Hurd v. City of Lincoln, No. 4:16-CV-3029, 2017 U.S. Dist. LEXIS 210104 (D. Neb. Dec. 21, 2017).

In this employment discrimination and retaliation case, the plaintiff sought to depose the defendant City’s mayor. The court granted the City’s motion to quash that request, finding that the mayor’s deposition was not proportional to the needs of the case.

The plaintiff, Troy Hurd, filed this employment case alleging that the City of Lincoln and six named defendants (collectively referred to as “the City”) retaliated against him for complaining about discrimination. In the course of “extensive” discovery, Hurd deposed five named defendants in addition to other witnesses. The City also produced over 6,500 emails and another 49,000 pages of discoverable documents.

Hurd then noticed a deposition of the City’s mayor. Hurd argued that the mayor had “personal knowledge of the investigation” and of the City’s “motivations” regarding his complaints. The City moved to quash that deposition or, in the alternative, to obtain a protective order for the mayor’s testimony.

The court began its analysis by noting that under Rule 26(b)(1), discovery is limited to nonprivileged matters that are relevant and proportional to the needs of the case. Further, the burden to “show how the requested information is important” is on the party requesting discovery.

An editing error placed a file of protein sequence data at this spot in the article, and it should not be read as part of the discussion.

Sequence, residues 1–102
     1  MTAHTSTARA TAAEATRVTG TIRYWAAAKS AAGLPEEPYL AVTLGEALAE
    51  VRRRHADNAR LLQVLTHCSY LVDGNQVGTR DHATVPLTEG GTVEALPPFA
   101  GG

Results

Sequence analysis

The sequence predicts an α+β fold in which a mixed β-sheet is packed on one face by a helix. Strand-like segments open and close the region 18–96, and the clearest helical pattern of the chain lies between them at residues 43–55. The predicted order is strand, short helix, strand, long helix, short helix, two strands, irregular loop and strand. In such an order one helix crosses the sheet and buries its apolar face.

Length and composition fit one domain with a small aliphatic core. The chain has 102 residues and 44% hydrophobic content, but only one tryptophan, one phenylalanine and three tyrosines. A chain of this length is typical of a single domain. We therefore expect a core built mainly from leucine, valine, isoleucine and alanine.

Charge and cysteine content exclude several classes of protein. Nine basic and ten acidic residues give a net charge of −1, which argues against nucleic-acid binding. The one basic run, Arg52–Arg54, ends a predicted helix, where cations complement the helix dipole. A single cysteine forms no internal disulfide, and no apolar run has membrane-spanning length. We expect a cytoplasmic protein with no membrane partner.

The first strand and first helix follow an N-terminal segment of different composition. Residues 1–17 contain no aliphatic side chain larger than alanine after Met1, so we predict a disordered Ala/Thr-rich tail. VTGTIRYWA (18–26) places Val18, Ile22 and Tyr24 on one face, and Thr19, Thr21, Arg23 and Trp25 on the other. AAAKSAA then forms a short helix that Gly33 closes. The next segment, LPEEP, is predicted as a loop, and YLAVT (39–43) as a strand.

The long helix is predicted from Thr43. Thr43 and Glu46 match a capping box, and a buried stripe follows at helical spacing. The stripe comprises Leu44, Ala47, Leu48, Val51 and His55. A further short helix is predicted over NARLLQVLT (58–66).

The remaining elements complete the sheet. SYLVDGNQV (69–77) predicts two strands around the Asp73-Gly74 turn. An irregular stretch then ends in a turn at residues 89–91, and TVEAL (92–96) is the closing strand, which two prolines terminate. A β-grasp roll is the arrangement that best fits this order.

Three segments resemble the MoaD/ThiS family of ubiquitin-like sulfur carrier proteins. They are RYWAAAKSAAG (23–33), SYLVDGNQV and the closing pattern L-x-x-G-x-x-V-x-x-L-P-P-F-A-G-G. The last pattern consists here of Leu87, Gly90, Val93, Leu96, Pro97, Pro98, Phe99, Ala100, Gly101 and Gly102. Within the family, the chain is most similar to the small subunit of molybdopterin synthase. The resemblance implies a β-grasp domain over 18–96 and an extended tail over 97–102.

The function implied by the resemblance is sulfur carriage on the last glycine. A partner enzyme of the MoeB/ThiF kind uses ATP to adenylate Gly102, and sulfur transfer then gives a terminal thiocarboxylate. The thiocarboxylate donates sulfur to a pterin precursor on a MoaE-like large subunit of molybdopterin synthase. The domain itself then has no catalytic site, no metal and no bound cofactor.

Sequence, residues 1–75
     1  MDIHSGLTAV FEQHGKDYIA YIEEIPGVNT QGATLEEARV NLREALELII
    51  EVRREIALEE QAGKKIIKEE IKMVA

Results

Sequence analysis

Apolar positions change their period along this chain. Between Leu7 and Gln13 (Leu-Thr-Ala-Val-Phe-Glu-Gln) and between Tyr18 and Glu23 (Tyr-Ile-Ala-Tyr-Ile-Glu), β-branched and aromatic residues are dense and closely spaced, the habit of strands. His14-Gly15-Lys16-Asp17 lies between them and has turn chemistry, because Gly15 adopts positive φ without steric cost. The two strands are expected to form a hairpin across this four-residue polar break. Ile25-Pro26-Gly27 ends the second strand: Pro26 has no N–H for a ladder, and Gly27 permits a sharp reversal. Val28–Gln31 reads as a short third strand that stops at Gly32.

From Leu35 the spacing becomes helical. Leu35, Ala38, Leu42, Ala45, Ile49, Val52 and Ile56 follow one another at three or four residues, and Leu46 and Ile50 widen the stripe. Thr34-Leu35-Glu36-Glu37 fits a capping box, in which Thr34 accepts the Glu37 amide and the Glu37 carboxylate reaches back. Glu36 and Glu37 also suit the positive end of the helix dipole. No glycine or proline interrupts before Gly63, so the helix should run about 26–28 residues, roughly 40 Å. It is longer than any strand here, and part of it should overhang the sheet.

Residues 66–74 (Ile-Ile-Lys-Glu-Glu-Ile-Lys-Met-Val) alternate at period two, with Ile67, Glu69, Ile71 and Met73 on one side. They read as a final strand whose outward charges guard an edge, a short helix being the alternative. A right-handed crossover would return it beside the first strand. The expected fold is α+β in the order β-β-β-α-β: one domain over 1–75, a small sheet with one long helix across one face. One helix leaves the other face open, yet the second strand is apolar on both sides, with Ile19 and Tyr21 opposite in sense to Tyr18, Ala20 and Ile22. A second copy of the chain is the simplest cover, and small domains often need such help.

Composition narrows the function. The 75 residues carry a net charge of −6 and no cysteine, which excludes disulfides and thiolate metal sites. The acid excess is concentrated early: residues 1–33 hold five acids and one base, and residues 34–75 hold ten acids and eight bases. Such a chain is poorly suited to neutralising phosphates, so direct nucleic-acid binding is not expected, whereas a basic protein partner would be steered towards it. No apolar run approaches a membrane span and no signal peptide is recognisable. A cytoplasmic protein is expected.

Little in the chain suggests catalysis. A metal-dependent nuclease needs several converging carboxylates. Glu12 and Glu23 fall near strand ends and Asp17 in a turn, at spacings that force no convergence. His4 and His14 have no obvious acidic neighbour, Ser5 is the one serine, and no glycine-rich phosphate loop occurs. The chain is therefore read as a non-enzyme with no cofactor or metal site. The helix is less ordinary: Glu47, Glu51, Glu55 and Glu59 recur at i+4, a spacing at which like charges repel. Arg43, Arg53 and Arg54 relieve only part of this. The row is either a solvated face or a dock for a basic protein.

Citing In re United States (Holder), the City argued that the mayor is a “high-ranking government official” with “greater duties and time constraints” than other witnesses. The court agreed with the City’s assertion that except in “extraordinary circumstances,” the mayor should not be deposed.

Hurd conceded that the mayor is a high-ranking official but nonetheless argued that his testimony would be “essential [and] unique” such that no “alternative source” could replace it. But Hurd offered no evidence to support those assertions. Instead, he relied on “mere conjecture and conclusory statements” about what the mayor might testify to.

The court noted that in the “nearly 40 hours” of depositions that had already occurred, each deponent had answered questions about the mayor’s involvement in Hurd’s EEO complaints. Additionally, none of the 6,500 emails produced in discovery was to or from the mayor.

Therefore, the court held that Hurd failed to establish that the mayor’s deposition would be either necessary or proportional to the needs of the case. The court granted the City’s motion to quash.

Takeaways on making your case

Don’t make the plaintiff’s mistake here of relying on “mere conjecture and conclusory statements.” Point the court directly to whatever evidence you have that a witness has relevant and proportional information. Here, the court noted that none of the produced emails involved the mayor. If the plaintiff thought the city withheld emails involving the mayor, he should have moved to compel their production.

Questions about proportional discovery?

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